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Johnson & Johnson says in talks with Indian government for trial of single-dose vaccine

The U.S. drugs and healthcare giant's vaccine is currently approved for use in the United States, the European Union and other nations including Thailand and South Africa.

April 09, 2021 / 03:02 PM IST
Johnson and Johnson

Johnson and Johnson

Johnson & Johnson is in talks with India's government to begin a clinical trial of its single-dose COVID-19 vaccine in the country, the company said on Friday.

The U.S. drugs and healthcare giant's vaccine is currently approved for use in the United States, the European Union and other nations including Thailand and South Africa.

The news comes as some parts of India face a shortage of vaccine supplies just as the country of 1.3 billion battles a second wave of COVID-19 infections. India's government, however, has said there is no shortage of shots.

The Indian Express newspaper reported earlier on Friday that J&J had sent a letter to India's Central Drugs Standard Control Organisation (CDSCO) saying it would "very shortly apply for permission to conduct clinical bridging trials in India".

The CDSCO did not immediately respond to Reuters request for comment.

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COVID-19 Vaccine

Frequently Asked Questions

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How does a vaccine work?

A vaccine works by mimicking a natural infection. A vaccine not only induces immune response to protect people from any future COVID-19 infection, but also helps quickly build herd immunity to put an end to the pandemic. Herd immunity occurs when a sufficient percentage of a population becomes immune to a disease, making the spread of disease from person to person unlikely. The good news is that SARS-CoV-2 virus has been fairly stable, which increases the viability of a vaccine.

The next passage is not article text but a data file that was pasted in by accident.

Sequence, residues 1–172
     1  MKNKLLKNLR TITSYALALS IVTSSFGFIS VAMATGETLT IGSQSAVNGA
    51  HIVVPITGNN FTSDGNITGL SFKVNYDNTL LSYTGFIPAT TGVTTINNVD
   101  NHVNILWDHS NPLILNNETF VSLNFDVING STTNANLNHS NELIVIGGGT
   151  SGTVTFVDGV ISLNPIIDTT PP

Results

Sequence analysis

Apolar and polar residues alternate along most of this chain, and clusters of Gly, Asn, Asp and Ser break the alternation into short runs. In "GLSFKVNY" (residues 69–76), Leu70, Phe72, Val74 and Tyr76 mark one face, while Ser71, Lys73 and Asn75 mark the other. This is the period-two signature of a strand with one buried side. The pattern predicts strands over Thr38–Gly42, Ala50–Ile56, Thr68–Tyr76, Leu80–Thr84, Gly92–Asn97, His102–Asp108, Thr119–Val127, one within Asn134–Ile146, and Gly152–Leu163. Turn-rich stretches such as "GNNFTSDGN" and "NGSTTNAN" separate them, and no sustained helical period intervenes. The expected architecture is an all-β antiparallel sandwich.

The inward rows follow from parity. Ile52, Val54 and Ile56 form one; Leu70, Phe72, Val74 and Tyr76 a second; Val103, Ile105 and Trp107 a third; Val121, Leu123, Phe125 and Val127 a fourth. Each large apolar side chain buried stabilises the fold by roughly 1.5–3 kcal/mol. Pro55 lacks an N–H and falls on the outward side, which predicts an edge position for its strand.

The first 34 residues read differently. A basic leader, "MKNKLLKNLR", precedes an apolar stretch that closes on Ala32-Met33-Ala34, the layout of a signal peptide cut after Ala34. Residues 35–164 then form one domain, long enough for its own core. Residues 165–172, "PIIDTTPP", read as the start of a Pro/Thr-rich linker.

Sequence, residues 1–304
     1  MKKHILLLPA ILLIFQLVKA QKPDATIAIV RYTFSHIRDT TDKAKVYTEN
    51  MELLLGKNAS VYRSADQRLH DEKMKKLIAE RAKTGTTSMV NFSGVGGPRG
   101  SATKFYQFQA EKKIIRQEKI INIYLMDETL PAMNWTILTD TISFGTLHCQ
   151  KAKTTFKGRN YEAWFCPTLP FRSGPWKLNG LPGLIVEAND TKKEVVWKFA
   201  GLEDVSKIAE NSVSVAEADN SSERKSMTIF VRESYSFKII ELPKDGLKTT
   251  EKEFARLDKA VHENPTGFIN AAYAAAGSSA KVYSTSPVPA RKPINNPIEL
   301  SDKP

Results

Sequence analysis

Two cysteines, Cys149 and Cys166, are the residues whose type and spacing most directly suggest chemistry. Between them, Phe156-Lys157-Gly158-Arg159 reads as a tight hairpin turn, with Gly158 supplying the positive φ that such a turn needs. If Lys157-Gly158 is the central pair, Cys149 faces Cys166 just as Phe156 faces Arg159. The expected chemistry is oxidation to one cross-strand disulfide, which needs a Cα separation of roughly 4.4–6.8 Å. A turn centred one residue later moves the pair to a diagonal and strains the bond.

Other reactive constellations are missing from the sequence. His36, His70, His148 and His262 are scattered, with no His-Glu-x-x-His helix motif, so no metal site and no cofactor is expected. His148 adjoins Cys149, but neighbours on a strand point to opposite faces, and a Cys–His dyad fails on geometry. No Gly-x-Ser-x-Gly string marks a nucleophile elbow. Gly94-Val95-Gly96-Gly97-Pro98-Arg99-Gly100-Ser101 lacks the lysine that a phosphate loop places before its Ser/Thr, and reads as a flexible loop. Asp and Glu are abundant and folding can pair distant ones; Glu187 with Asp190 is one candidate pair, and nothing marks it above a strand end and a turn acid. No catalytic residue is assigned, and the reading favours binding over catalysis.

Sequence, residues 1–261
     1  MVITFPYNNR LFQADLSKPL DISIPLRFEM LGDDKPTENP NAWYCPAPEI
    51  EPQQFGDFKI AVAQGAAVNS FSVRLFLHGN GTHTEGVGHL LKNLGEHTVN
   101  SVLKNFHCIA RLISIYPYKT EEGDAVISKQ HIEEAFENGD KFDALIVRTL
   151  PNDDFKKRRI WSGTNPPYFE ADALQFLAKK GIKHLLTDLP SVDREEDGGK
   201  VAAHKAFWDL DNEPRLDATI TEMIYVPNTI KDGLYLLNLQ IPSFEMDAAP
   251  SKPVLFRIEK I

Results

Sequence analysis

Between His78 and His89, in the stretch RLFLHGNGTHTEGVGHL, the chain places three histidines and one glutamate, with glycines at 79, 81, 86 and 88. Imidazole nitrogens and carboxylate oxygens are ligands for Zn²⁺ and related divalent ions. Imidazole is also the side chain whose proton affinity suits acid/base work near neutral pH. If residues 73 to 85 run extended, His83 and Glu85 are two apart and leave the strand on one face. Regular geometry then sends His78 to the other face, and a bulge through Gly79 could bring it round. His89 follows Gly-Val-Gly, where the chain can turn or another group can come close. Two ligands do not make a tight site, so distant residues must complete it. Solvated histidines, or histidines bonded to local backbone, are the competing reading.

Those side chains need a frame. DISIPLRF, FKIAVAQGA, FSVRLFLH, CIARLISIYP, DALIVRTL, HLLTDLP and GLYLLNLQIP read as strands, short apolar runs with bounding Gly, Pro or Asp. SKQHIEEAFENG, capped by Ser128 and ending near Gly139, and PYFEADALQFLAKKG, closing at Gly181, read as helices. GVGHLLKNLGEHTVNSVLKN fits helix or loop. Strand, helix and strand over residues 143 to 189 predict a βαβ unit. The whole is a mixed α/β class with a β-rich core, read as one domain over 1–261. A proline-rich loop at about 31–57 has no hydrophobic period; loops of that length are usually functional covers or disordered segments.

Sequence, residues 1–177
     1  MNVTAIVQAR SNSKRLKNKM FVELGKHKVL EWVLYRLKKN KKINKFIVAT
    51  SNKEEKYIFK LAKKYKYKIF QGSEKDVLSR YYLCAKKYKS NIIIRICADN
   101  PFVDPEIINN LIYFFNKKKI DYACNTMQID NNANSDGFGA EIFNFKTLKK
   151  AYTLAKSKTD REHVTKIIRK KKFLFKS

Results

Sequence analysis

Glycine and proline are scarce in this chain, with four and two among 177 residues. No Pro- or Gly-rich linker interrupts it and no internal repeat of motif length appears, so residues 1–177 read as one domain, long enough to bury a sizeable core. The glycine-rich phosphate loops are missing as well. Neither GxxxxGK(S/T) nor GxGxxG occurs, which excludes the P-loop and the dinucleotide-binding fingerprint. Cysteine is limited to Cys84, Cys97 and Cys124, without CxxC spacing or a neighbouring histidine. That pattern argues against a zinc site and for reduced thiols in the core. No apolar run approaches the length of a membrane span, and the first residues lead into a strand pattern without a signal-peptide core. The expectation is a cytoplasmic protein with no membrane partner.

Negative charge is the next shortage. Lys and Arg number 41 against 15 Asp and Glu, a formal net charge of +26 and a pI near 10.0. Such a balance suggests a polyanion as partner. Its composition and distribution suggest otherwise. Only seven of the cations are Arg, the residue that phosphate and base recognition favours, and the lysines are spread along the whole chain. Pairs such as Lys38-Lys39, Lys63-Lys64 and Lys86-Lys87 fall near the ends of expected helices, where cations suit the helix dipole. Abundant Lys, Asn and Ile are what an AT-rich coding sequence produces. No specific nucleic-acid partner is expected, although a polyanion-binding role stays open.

How many types of vaccines are there?

There are broadly four types of vaccine — one, a vaccine based on the whole virus (this could be either inactivated, or an attenuated [weakened] virus vaccine); two, a non-replicating viral vector vaccine that uses a benign virus as vector that carries the antigen of SARS-CoV; three, nucleic-acid vaccines that have genetic material like DNA and RNA of antigens like spike protein given to a person, helping human cells decode genetic material and produce the vaccine; and four, protein subunit vaccine wherein the recombinant proteins of SARS-COV-2 along with an adjuvant (booster) is given as a vaccine.

What does it take to develop a vaccine of this kind?

Vaccine development is a long, complex process. Unlike drugs that are given to people with a diseased, vaccines are given to healthy people and also vulnerable sections such as children, pregnant women and the elderly. So rigorous tests are compulsory. History says that the fastest time it took to develop a vaccine is five years, but it usually takes double or sometimes triple that time.

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"We are in discussions with the (government) with the objective of starting a bridging clinical study of our Janssen COVID-19 vaccine candidate in India, subject to local regulatory approvals," a local J&J representative said via email.

A bridging study tests the safety and immunogenicity of a vaccine, and India has indicated that any vaccine maker must conduct such a trial for a shot to be considered for its immunisation programme.

Separately, J&J has a deal with Indian firm Biological E Ltd to contract-manufacture its vaccine.

India currently has two approved vaccines in use, one developed by Oxford University and AstraZeneca and the other, a shot from local player Bharat Biotech.

There are other vaccine candidates in trials in India including Russia's Sputnik-V and a shot developed by Cadila Healthcare Ltd.

COVID-19 infections in India rose by a record number for a third straight day on Friday, increasing by more than 130,000, while daily deaths hit their highest in five months.
Reuters
first published: Apr 9, 2021 11:28 am

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